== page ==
Automating elections and privatizing democracy: What's wrong with counting by hand?

When Mike O'Neill admitted that he's a federalist on The Current, it shouldn't have been a surprise. He's a former Liberal Party staffer and strategist, after all. But his admission was during an interview on Scottish independence, and his involvement with the Yes campaign.
O'Neill's company, First Contact had been hired by the Yes campaign more than a year in advance to provide data-driven analysis to assess support and target people. You see, money has no allegiance.
First Contact offers services that were once the sole domain of party activists: "Identification of voters using our VoterID service, persuasion calling, GOTV, TeleForum™, automated polling, voice broadcasting, membership recruitment, live transfer calls and virtual call centre."

Stephen Harper's Iraq Airstrikes Plan Questioned By Some Tories

OTTAWA — Prime Minister Stephen Harper is set to recommend to his caucus Wednesday that Canada take part in airstrikes in Iraq, but not all Conservative MPs are onside with the plan.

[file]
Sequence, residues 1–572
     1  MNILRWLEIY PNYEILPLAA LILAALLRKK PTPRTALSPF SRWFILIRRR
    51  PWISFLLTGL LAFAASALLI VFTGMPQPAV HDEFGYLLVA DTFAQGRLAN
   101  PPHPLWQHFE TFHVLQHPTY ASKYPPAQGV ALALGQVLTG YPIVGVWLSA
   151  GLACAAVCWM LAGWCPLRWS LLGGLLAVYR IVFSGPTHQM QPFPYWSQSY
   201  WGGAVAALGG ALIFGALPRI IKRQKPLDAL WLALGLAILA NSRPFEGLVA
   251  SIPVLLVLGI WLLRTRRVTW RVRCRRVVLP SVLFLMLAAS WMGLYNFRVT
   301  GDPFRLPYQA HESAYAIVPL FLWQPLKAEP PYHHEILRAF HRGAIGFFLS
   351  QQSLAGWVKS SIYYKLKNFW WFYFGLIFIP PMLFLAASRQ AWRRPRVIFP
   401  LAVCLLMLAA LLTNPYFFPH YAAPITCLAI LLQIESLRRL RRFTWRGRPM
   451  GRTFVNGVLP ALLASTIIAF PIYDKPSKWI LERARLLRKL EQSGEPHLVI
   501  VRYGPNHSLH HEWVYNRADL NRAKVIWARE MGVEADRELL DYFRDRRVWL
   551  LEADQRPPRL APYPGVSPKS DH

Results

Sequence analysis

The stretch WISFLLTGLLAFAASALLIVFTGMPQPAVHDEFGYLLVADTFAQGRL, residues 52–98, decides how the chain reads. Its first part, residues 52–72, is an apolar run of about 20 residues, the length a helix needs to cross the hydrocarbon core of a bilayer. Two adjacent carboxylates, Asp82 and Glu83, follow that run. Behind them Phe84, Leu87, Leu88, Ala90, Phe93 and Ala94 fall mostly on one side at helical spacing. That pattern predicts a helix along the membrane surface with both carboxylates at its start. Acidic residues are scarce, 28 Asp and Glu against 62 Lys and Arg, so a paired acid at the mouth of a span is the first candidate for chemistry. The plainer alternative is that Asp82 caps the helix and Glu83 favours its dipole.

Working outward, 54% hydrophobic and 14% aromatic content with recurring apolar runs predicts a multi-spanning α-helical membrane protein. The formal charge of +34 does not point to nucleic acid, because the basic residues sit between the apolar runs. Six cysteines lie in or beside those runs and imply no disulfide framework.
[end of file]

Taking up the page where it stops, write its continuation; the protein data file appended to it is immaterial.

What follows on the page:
Speaking in the House of Commons Tuesday, Harper described the war against the Islamic State of Iraq and the Levant (ISIL) as “necessary” and the international response as “noble actions.”

Poll: 24 percent of Jewish Israelis boycott Arab businesses

Nearly a quarter of Israeli Jewish consumers are boycotting Arab businesses, a poll released on Tuesday found.

Some 24 percent of respondents said they refuse to patron Arab shops, down from 47 percent during a similar Geocartography poll conducted during the Gaza war, Globes reported.

NDP loses vote to make Parliament more relevant, but wins battle for public opinion

On Tuesday night the House of Commons voted down an NDP motion that would have made Parliament a little more serious and relevant to the concerns of Canadians.
The motion, proposed by Official Opposition House Leader Peter Julian, pertained to government behaviour during the daily Question Period.
Had it passed, Julian's motion would have given the Speaker the authority to assure that when government ministers and parliamentary secretaries answer questions they address the subject matter at hand.